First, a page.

charge through the ranks of the Moslems, while the billmen stoutly kept together and resisted the onslaughts of the enemy's cavalry. In spite of their bravery, however, the storm of arrows shot by the desert horsemen thinned their ranks with terrible rapidity. Charging up to the very point of the spears, these wild horsemen fired their arrows into the faces of their foe, and although numbers of them fell beneath the more formidable missiles sent by the English archers, their numbers were so overwhelming that the little band melted away. The small party of knights, too, were rapidly thinned, although performing prodigious deeds of valour. The Saracens when dismounted or wounded still fought on foot, their object being always to stab or hock the horses, and so dismount the riders. King Richard and his force, though making the most desperate efforts to return to the assistance of the rearguard, were baffled by the sturdy resistance of the Saracens, and the position of those in the rear was fast becoming hopeless.
One by one the gallant little band of knights fell, and a sea of turbans closed over the fluttering plumes. Cuthbert, after defending himself with extreme bravery for a long time, was at last separated from the small remainder of his comrades by a rush of the enemy's horse, and when fighting desperately he received a heavy blow at the back of the head from the mace of a huge Nubian soldier, and fell senseless to the ground.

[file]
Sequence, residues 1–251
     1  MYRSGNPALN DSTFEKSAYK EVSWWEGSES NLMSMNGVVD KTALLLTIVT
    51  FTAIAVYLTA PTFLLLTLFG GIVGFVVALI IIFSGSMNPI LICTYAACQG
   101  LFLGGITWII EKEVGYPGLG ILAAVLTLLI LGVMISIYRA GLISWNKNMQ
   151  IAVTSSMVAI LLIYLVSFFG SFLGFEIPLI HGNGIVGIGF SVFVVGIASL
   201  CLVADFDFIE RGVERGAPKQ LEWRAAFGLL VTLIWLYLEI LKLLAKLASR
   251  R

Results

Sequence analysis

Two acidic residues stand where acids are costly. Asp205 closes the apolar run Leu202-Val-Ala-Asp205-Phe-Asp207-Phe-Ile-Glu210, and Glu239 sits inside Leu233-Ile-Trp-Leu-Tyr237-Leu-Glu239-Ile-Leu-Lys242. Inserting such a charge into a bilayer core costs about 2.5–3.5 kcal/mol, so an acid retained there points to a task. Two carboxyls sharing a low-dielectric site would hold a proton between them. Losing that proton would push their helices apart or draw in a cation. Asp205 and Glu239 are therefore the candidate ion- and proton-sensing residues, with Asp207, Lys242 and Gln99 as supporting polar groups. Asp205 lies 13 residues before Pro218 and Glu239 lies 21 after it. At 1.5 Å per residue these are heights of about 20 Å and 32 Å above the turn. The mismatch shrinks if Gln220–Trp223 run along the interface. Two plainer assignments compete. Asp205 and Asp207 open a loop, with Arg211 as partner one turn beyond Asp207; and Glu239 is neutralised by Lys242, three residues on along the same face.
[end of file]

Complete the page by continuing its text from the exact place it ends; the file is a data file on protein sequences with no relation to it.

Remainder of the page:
When he recovered his consciousness, the first impression upon his mind was the stillness which had succeeded to the din of battle; the shouts and war-cries of the crusaders, the wild yells of the Moslems, were hushed, and in their place was a quiet chatter in many unknown tongues, and the sound of laughter and feasting. Raising his head and looking round, Cuthbert saw that he and some ten of his comrades were lying together in the midst of a Saracen camp, and that he was a prisoner to the infidels. The sun streamed down with tremendous force upon them; there was no shelter; and though all were wounded and parched with thirst, the Saracens of whom they besought water, pointing to their mouths and making signs of their extreme thirst, laughed in their faces, and signified by a gesture that it was scarcely worth the trouble to drink when they were likely so soon to be put to death.